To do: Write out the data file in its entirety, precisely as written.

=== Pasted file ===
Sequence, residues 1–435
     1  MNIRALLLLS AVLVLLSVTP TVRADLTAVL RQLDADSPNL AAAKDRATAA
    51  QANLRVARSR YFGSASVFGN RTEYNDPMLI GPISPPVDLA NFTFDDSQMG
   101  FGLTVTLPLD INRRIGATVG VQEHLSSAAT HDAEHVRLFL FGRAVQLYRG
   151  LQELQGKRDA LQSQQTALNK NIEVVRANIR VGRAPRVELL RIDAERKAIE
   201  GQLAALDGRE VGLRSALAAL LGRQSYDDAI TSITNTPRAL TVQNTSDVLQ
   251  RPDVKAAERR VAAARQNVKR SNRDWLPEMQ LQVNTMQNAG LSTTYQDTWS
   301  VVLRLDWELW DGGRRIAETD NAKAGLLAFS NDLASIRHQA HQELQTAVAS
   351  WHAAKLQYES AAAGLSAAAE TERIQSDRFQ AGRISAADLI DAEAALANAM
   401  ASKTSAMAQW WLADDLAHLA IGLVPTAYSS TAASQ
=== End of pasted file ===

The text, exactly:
Sequence, residues 1–435
     1  MNIRALLLLS AVLVLLSVTP TVRADLTAVL RQLDADSPNL AAAKDRATAA
    51  QANLRVARSR YFGSASVFGN RTEYNDPMLI GPISPPVDLA NFTFDDSQMG
   101  FGLTVTLPLD INRRIGATVG VQEHLSSAAT HDAEHVRLFL FGRAVQLYRG
   151  LQELQGKRDA LQSQQTALNK NIEVVRANIR VGRAPRVELL RIDAERKAIE
   201  GQLAALDGRE VGLRSALAAL LGRQSYDDAI TSITNTPRAL TVQNTSDVLQ
   251  RPDVKAAERR VAAARQNVKR SNRDWLPEMQ LQVNTMQNAG LSTTYQDTWS
   301  VVLRLDWELW DGGRRIAETD NAKAGLLAFS NDLASIRHQA HQELQTAVAS
   351  WHAAKLQYES AAAGLSAAAE TERIQSDRFQ AGRISAADLI DAEAALANAM
   401  ASKTSAMAQW WLADDLAHLA IGLVPTAYSS TAASQ